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Shakti goes to Hollywood

May 21, 2011 4 comments
Publicity poster for Shakti.

Publicity poster for Shakti.

Going Hollywood

Shakti, a 1982 film, directed by Ramesh Sippy (of Sholay, Seeta aur Geeta fame), was an acclaimed commercial and critical success. In the India of the early 80s, with chronic shortages and near-zero opportunities, Shakti was about the interplay between ethics and expediency. The climax scene became a legend with the fugitive son (Amitabh Bachchan) dying in his cop-father’s arms (Dilip Kumar) – shot by the father.

Imagine my acute feeling of déjà vu, when a similar story, with a similar scene was recreated in a Hollywood film Heat. Al Pacino an upright policeman kills the escaping criminal Robert De Niro. Apart from minor changes in the script, the plot follows Shakti lines – right to the casting level. Even the length of the movie is Shakti-like – three hours for a Hollywood film?

Unheard of.

Interestingly, this film also did very well on the international circuit – and not as well in the USA.

At the same time, any movie with Pacino, De Niro, and Val Kilmer is bound to be a commercial success. Heat had a budget of $60 million, and ended up grossing over $170 million worldwide. $107 million of the box office revenues came from non-US audiences, as the movie was particularly successful in France, where 1.3 million tickets were sold.

Am I the only one

My first reaction was to assume my judgement as biased. But then Monsieur Google prevailed. A 30 minute trawl yielded excellent catch. One of the first comments that I could track back came in 2005. When Humble Rafi pointed out

Did you know HOLLYWOOD copied this movie as “HEAT” ?

AL PACINO is there.

Read this chat on Youtube on this same scene two years ago (extracted below).

Search for “dilip kumar kills amitabh bachan” in youtube videos to see the original inspiration of this scene shot way back in 1982 at Bombay Airport, India! (sunnytravels 2 years ago)

this ending scene is copied off 1982 indian film shakti starring dilip kumar and amitabh bachan search shakti dilip kumar kills amitabh bachan (qezza22 2 years ago).

haha it kinda is copied isnt it (secretlover12 2 years ago).

You are right . . the inspiration for that scene came from that movie Shakti made in 1982 at Bombay airport.. so either Michael Mann just loves Shakti or it was an incredible coincidence! :) (sunnytravels 2 years ago).

At a movie forum, on 28-11-2008, Guillaume P pointed out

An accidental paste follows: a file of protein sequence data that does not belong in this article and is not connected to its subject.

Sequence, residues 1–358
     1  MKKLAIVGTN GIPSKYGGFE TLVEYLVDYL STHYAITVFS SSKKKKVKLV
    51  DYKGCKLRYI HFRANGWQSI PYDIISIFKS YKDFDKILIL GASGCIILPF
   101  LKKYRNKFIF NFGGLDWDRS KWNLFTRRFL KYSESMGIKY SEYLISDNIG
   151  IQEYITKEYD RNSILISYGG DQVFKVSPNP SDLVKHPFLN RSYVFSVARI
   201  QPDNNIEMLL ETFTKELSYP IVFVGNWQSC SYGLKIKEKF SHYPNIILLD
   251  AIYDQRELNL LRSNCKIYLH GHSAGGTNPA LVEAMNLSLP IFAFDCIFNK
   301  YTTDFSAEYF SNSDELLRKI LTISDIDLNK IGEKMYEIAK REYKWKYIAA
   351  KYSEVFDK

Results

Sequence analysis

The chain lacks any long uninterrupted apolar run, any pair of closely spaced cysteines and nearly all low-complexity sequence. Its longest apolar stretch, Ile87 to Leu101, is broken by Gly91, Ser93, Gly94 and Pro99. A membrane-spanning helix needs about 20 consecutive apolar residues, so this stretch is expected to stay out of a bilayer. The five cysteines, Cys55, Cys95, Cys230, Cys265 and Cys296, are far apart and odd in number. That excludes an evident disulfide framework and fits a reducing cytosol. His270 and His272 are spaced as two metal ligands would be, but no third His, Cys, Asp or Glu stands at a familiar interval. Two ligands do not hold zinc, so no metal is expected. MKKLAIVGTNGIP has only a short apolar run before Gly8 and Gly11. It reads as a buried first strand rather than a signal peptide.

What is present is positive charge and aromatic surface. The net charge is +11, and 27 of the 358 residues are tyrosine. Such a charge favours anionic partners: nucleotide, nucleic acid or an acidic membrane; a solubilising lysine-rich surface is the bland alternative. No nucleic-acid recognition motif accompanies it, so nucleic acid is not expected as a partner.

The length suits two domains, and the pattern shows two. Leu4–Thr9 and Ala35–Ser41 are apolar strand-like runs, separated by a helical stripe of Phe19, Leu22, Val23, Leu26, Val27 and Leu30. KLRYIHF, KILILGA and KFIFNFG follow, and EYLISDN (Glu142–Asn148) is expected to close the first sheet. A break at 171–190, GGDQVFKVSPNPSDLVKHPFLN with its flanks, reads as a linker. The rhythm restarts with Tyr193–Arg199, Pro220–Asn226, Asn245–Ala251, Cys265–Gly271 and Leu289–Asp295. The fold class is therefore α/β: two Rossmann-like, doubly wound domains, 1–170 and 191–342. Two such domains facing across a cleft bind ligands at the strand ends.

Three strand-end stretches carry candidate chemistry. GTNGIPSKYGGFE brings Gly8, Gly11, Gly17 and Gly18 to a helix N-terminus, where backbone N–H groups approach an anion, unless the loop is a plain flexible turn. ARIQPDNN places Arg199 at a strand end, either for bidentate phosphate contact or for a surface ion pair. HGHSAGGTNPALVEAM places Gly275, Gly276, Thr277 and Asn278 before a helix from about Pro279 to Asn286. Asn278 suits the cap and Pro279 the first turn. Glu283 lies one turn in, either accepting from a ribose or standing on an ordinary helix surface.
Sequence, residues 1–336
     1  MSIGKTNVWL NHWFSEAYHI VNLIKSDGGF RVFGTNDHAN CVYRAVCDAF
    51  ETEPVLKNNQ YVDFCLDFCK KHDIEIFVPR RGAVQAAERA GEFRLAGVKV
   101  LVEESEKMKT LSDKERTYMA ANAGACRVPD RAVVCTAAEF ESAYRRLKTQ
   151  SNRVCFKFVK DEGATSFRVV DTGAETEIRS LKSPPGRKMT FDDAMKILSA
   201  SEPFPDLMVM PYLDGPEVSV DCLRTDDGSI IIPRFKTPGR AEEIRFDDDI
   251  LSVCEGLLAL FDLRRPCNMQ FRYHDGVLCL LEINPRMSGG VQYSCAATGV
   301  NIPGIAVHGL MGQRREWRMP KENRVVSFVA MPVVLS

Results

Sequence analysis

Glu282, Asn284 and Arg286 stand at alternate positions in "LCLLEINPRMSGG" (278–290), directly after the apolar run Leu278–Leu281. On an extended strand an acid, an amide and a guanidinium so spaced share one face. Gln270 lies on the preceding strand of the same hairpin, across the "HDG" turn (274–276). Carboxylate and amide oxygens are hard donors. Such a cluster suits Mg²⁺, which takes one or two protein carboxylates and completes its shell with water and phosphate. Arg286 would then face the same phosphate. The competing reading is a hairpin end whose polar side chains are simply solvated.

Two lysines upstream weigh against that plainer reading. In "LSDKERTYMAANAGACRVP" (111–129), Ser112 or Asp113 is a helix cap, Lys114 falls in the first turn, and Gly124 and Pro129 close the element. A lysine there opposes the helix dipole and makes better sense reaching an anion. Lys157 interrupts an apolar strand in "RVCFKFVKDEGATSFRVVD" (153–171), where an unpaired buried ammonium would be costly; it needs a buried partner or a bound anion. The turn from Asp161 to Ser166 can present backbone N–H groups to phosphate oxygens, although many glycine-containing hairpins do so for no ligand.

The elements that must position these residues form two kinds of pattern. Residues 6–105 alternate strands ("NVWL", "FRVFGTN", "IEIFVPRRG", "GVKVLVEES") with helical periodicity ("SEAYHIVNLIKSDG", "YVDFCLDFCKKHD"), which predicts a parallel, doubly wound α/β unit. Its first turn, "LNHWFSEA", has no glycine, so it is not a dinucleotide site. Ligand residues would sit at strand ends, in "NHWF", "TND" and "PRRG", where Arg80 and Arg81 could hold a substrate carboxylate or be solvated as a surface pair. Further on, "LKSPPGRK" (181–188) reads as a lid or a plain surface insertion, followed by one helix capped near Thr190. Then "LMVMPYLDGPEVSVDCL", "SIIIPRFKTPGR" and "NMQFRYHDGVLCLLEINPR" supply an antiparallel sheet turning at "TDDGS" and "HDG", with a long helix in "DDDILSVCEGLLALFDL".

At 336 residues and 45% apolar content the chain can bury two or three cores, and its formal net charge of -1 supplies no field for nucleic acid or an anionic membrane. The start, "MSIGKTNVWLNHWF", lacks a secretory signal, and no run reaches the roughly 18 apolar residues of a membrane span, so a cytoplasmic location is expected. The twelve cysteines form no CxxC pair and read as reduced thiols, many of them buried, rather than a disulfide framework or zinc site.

Re: Heat (Michael Mann,1995)

Before “Heat”,there was “Shakti”:

http://www.youtube.com/watch?v=RfxemtLGGZE

The next day, at another forum,

Mannfan - 29-11-2008, 13:37 said,

Before HEAT there was SHAKTI!:http://www.youtube.com/watch?v=RfxemtLGGZE

Hollywood Cartoon - Courtesy - http://www.bagagedrager.nl/. Click for larger image.

Hollywood Cartoon - Courtesy - http://www.bagagedrager.nl/. Click for larger image.

DesiMusicClub hesitantly says that Shakti (1982)

reminds me of the Hollywood movie ‘Heat’ – also a cop movie that put together 2 legends in one movie (DeNiro & Pacino).

Satya, in another film-review site pointed out in 2009

Amitabh bachan and dilip kumar starrer Shakthi (1982 ) had exact same climax as Heat !! I still wonder if for once the hollywood copied from bollywood ?!. please see for yourself to confirm.

SearchIndia.com Responds:

Will do.

Now, wouldn’t that be something – a Robert De Niro/Al Pacino movie being a lift of a Bollywood film.

In 2009, a fan of Amitabh Bachchan also commented in Amitabh Bachchan’s blog, how Heat was so similar to Shakti.

a full 13 years ahead of the Pacino vs De Nero face of in Heat, looks like Micheal Mann must have seen Shakti as ending is too similar!

The same fan (probably) of Amitabh Bachchan followed up with a review. A few months ago, in a webzine he linked the films together saying, Shakti was a “highly recommended film to watch for all real Hindi film fans and yes the film is so much better than the clash between Pacino and De Nero in Heat!”

Michael Mann’s muse?

Michael Mann’s first claim to fame was a short film, that won him awards at Cannes, Melbourne and Barcelona film festivals – a film with a ‘succession of hypnotic images and colours are cut to haunting Indian jugalbandi music.’

Name of the movie – Jaunpuri.

Related articles

‘English titles chalta hai!’

November 29, 2009 Leave a comment

Way before Hinglish was even bornBollywood has rediscovered the KISS (Keep It Short and Simple) rule, at least where film titles are concerned. Having had its fill of long names — Bollywood’s now high on short words, and most of them straight off the English vocabulary rack. (via ‘English titles chalta hai!’ – The Times of India).